Bryan Adams famously got his first real six-string in the summer of ‘69. I waited until the summer of 2017.
I had just turned 50, and a series of lucky events led to my possession of an electric guitar. (My best friend’s wife commented one day on the overabundance of guitars in their small Brooklyn apartment, and by the end of the discussion one was offered up to me.)
Having recently learned to ice skate, I decided I was up for the challenge.
I was starting from zero — my only hands-on musical experience had been playing the recorder as a small child — and I certainly had no expectation of being good at this. But what young man hasn’t dreamed of being the lead guitarist in a rock band?
First, to complement my sexy black-and-white Fender Telecaster, I shopped for an inexpensive amp at my local Guitar Center, and also bought a few picks.
But what was the best way to learn? Would it even be possible at midlife to gain any mastery over my new instrument?
I’d recently been thinking, with my 11-year-old son’s education in mind, about the different ways we learn, and how pathways are built into the brain’s memory circuits. I knew I would have to develop my ear, manipulate my fingers in ways I had never done before, and learn about notes, strings, chords and musical notation.
I decided I would try a handful of methods: books, websites, apps, YouTube videos and, finally, a teacher. I wanted to learn some of the basics before playing in front of another person.
The first job was just to get comfortable holding the thing. To tune the strings, I downloaded an app called Guitar Tuna and picked up a book, “Guitar for Dummies.” Like many before me, I learned the names of the strings (E, A, D, G, B, E) by using the acronym “Eat All Day, Go (to) Bed Early.”
Next came some basic chords, strumming and picking. I began to work with Yousician, an app that lets you play along with animation. It picks up the music you play through your phone’s microphone, and indicates whether you’re hitting the correct notes, chords and timing. The instant feedback was fantastic, but it was difficult pausing the app when I needed to rewind and see something again, all while trying to hold down the chord and keep strumming.
Perhaps it’s because I’m older, but I found a book very helpful. I could go at my own pace and see the chord diagrams on paper. I made notes and drew my own diagrams to help me remember the new information. This worked for me back in high school, so why not now?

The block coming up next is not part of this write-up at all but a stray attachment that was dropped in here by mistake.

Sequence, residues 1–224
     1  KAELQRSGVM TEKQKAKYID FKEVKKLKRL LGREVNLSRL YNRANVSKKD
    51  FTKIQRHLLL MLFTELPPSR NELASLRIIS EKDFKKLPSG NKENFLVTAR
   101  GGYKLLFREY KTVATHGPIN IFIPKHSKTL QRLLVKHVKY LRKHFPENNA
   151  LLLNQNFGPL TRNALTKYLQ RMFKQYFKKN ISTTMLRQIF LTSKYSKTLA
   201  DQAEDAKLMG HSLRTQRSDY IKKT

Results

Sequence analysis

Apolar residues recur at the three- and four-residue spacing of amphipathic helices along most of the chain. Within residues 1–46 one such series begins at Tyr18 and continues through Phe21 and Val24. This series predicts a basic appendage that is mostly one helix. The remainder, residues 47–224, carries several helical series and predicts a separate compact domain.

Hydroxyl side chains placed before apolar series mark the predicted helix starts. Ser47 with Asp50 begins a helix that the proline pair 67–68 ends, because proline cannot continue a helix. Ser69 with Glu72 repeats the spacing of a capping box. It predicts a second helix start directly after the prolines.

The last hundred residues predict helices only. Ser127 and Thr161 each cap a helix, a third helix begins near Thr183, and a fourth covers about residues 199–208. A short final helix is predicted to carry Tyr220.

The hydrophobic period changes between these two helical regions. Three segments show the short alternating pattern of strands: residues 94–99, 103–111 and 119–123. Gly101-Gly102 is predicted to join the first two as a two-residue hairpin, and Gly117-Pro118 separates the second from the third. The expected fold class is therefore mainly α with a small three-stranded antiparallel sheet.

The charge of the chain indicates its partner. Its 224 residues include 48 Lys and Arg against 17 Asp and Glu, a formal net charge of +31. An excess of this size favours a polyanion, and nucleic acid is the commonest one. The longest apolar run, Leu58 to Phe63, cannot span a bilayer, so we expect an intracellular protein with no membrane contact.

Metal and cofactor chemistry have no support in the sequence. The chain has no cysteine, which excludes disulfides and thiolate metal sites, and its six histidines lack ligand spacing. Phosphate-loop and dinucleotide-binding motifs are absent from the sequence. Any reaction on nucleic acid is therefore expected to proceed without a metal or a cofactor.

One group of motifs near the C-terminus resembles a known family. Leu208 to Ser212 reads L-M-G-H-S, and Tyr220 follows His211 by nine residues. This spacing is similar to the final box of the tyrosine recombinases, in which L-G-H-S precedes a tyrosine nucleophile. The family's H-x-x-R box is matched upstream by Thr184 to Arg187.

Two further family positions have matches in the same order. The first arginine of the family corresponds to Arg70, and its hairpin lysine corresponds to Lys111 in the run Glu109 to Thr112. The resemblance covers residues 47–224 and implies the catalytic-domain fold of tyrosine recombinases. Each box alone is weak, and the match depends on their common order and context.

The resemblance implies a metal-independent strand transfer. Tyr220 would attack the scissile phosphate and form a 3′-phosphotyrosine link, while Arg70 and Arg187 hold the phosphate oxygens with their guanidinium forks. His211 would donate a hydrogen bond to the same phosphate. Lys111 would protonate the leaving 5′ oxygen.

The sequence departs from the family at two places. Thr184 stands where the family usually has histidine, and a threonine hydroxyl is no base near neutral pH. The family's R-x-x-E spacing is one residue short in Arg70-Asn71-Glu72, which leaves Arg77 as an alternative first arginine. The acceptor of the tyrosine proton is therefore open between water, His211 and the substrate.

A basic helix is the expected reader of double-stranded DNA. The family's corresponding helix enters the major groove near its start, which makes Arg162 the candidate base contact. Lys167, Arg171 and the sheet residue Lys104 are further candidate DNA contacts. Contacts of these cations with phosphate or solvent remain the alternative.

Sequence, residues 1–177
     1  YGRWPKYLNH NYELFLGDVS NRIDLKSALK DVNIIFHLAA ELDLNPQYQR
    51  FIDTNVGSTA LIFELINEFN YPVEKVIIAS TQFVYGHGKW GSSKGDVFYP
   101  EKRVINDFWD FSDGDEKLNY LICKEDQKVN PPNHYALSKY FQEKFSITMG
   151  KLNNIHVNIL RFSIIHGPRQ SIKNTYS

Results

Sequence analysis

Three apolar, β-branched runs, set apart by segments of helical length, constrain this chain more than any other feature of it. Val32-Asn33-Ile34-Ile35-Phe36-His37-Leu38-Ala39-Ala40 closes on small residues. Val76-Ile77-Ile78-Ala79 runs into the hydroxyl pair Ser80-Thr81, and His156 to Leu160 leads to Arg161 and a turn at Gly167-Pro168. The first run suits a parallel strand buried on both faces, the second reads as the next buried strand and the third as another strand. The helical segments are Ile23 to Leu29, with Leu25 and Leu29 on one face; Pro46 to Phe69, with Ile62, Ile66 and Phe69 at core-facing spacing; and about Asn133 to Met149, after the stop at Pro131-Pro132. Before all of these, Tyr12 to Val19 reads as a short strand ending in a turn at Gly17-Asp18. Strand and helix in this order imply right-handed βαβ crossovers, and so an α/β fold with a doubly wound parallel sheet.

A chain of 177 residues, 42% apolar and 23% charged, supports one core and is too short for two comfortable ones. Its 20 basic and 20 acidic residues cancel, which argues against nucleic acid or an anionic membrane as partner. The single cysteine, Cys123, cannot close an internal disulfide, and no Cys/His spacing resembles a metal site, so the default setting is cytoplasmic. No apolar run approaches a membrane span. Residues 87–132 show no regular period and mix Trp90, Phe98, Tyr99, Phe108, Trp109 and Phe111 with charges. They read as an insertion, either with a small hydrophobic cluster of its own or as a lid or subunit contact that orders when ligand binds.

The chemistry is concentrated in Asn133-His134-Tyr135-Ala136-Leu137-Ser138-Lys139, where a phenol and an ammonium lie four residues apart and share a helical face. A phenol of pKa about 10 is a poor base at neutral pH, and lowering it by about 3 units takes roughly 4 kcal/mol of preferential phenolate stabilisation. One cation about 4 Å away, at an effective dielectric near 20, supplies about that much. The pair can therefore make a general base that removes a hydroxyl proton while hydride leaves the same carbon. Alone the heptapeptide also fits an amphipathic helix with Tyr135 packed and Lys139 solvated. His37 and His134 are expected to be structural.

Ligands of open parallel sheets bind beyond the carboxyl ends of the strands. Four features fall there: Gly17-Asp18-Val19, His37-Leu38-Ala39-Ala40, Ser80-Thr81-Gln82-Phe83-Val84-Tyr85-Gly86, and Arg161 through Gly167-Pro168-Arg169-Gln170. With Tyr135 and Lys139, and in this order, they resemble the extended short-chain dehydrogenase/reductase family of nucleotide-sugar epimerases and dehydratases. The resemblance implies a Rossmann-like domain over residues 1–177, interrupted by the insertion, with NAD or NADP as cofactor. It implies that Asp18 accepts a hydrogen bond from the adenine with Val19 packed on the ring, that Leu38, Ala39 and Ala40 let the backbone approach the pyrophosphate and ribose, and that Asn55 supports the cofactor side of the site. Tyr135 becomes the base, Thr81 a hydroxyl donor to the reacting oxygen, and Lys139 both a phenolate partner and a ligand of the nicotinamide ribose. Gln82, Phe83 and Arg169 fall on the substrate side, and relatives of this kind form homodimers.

Muscle memory lacking
The toughest part of learning to play was the physical part: repeatedly moving the fingers of my left hand into uncomfortable positions, and developing muscle memory there without getting my brain and fingers in a muddle. I tried to practice daily — five or 10 minutes in the morning before work, and then in the evening I settled in for an hour with the guitar on my lap, often with a soccer match on TV, the sound down low.
Eventually, I started to develop the essential calluses on the fingertips of my left hand.
Late at night, I might play for a few minutes before bed. I found this time magical and relaxing, simply repeating the same basic chords or single notes over and over.
I also tried a few YouTube videos, but it was difficult to find the right ones among the thousands that are available.
I did like an online service called Fender Play with a web and app version. It teaches with videos, and shows the guitar from different positions — head-on and from above (the player’s viewpoint). It starts slowly with tuning and chords, and includes some fun songs. I preferred the web version, which was easier to see, and the videos progressed at a pace I could handle.
So far, I was progressing well on my own. But I wasn’t getting any feedback; it was time for a teacher.
From the start, I knew it was a good decision.
At first, I was nervous playing in front of someone else — my fretting hand seemed to have a mind of its own. But Frumi Cohen, who teaches out of her home in Yardley, Pennsylvania, put me at ease and gave me confidence. Having someone listen and instruct me made the experience real for the first time.
Frumi and I could also discuss music. She suggested that I think about songs I would really like to play. Until that moment, I actually hadn’t considered that I could.
But the right song, as Frumi noted, makes you think, “That’s why I want to play guitar. If I could play that, I’d practice forever.”
Now, between lessons, I keep working with the Fender Play videos and my “Guitar for Dummies” book, and I practice at least a few minutes every day.
I also sometimes turn up the amplifier to 11, turn on the distortion and crank out some seriously loud noise. Every once in a while, I have to free my inner rock star and jam with the best of them — in the privacy of my own home, of course.